Bridgeacre Gardens (south)

The cycleway will be on the west side of Clifford Bridge Road, with priority over Mill Lane and Bridgeacre Gardens.  The pedestrian/cyclist crossing will be at pavement height.

Clifford Bridge Road lay-bys.

Along this part of Clifford Bridge Road, the proposal is to narrow both the traffic lanes and the lay-bys (on both sides of the road) to make space for the cycleway.

Bridgeacre Gardens (north)

Cyclists sharing space with pedestrians only works when the people are not allowed to drive!

Further north
  • The existing, 170cm wide, pedestrian bridge over the Sowe is to be used for both walkers and cyclists.
  • The cycleway crosses to the west side of Clifford Bridge Road at a point between the entrance to Tesco and Dorchester Way.  Will the signals detect cyclists, so that they don’t always have to wait to cross?
  • At both ends of Dorchester Way, there will be a “Zebra” type crossing, designed for parallel use by pedestrians and cyclists.   Will visibility be good enough for motorists to stop?
  • The cycleway will end at the entrance to the hospital grounds, although changes will be made to make it easier for cyclists to cycle between Farren Road and the hospital.


HS2 and the Kenilworth Greenway

Concerns have been expressed about the temporary alterations to the Kenilworth Greenway due to HS2. See this facebook post and also this one.

The temporary paths will probably be in place until HS2 is in operation, perhaps 2030 or later. Once HS2 is in operation, a permanent replacement will be opened parallel to HS2, on its south side between Burton Green and Berkswell station.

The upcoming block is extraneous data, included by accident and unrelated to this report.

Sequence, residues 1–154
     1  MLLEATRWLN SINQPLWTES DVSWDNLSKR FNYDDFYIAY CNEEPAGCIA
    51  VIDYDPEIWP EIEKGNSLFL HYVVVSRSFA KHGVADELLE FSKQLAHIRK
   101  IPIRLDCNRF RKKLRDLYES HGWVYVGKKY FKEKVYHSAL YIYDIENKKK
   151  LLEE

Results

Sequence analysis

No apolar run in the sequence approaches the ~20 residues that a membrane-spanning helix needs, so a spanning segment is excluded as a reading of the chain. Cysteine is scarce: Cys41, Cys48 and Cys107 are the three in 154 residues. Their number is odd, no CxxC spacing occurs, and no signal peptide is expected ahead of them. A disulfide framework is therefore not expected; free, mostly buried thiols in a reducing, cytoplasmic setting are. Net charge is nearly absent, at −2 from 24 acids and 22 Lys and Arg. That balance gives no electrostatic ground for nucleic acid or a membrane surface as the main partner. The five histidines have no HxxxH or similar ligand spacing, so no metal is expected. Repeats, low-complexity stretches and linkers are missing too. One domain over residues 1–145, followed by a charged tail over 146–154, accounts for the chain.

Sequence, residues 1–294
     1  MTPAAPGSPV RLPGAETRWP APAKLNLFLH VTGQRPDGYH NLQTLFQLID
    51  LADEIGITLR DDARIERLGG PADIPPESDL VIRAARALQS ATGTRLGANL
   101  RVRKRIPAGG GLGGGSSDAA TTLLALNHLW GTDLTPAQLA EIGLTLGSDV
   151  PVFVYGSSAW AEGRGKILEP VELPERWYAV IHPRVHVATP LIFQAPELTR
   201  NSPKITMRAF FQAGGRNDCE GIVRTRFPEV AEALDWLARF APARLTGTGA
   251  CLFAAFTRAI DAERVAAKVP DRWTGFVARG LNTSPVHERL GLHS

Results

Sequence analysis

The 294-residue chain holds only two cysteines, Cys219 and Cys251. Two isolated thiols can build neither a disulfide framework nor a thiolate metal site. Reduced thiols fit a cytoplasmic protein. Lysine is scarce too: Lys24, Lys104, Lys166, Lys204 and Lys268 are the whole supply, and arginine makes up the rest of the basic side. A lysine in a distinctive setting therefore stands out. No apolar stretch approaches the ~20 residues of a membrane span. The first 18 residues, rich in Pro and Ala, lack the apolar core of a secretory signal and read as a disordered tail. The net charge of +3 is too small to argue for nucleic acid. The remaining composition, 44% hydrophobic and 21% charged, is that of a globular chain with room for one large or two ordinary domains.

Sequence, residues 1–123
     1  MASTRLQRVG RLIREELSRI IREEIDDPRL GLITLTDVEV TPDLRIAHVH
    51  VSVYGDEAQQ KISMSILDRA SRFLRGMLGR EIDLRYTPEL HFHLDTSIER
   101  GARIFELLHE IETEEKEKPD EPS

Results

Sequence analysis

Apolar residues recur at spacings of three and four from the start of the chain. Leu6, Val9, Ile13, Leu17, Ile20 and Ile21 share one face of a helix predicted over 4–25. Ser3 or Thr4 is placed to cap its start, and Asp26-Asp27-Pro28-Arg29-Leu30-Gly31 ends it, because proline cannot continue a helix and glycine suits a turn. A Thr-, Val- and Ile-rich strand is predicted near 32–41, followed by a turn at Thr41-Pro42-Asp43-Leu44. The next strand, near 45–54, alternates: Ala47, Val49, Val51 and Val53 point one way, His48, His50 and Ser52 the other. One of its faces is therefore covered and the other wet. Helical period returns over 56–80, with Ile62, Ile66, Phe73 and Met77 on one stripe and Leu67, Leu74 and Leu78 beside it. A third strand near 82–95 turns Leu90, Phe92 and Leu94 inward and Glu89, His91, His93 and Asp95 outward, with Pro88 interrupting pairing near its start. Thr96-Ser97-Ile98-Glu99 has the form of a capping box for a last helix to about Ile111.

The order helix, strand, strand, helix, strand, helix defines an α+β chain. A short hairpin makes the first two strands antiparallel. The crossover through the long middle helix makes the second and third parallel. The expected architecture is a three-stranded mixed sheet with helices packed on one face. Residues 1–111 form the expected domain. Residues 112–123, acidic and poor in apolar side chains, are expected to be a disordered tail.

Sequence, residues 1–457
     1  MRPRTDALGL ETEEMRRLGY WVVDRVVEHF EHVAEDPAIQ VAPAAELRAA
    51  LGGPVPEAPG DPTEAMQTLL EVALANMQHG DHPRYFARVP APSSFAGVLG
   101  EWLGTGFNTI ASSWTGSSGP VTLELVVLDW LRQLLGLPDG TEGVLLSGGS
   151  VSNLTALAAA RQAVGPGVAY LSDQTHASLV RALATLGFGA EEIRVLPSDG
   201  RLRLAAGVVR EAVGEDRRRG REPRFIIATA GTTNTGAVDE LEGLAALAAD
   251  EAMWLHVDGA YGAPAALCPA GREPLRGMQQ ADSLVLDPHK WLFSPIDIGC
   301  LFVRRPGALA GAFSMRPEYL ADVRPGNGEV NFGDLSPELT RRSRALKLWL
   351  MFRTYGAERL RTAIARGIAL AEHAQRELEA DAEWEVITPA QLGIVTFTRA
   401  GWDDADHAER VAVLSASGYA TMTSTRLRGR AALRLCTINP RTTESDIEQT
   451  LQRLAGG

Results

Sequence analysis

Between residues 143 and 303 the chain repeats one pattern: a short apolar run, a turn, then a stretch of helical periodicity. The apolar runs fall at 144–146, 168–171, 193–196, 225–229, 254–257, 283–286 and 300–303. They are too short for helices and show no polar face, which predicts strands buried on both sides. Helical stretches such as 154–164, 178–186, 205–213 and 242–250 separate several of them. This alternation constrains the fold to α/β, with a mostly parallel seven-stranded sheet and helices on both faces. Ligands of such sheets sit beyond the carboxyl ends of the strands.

Make any comments you have on the “temporary” path between Kenilworth and Hob Lane to Warwick District Council. Search for reference W/20/1978/HS2

For the “temporary” path between Hob Lane and Berkswell station, send comments to Solihull Metropolitan Borough Council.  Search for reference PL/2020/02821/HS2DIS

Coventry: Where the bicycle was invented, but nearly forgotton

Adam Tranter  has made a video about Coventry’s cycling history:

In this short documentary, Adam explains the history of cycling in Coventry, and the realities of cycling in Coventry today. Comparisons to Amsterdam and the rest of the Netherlands are made.

The video will be shown at the opening of Culture Space Coventry’s gearing up exhibition on 12 March. The exhibition features over 80 cycles and celebrates the history, unique designs, and benefits of cycling. The exhibition will continue to 13 June, by which time it is hoped that it will be open for viewing in person at the Transport Museum, as well as for online browsing.

You can find out more about Adam here​ or follow him on Twitter

Report 2021-02

Here’s what I’ve been up to between December 2020 and February 2021:

A46 Strategic Link Road

With new housing at Kings Hill and the planned expansion of the University of Warwick, growing traffic levels between the A46 (Stoneleigh junction), and the University of Warwick are predicted to cause significantly longer journey times. Warwickshire County Council and Coventry Council are proposing that a new road be built between the A46 junction and either the A429 or to the University itself. It would be a dual carriageway, taking a width of 50 metres. I submitted an alternative suggestion:

Demand reduction for Stoneleigh Road and Gibbet Hill Road:

  1. Change use of Westwood Business Park to residential. Student accommodation would be ideal.
  2. Re-locate the University of Warwick car parking much closer to the A46 Stoneleigh junction. That would greatly reduce the number of vehicles using
    Stoneleigh Road and Gibbet Hill Road, as buses are much more efficient people movers than single occupancy cars. Cycling and micro mobility solutions for use
    between the new car parking and the campus would add flexibility.

Coventry Telegraph

Following a little controversy in the local newspaper, I had a letter published in defence of cycleways.

Hipswell Highway / The Drive

Commented on the scheme to introduce speed cushions and 20 mph speed limit. Suggested moving centre island closer to Meredith Road to make it easier for people cycling southwards along Hipswell Highway to turn right into Meredith Road.

Coventry City Centre South

Commented on outline planning application (OUT/2020/2876):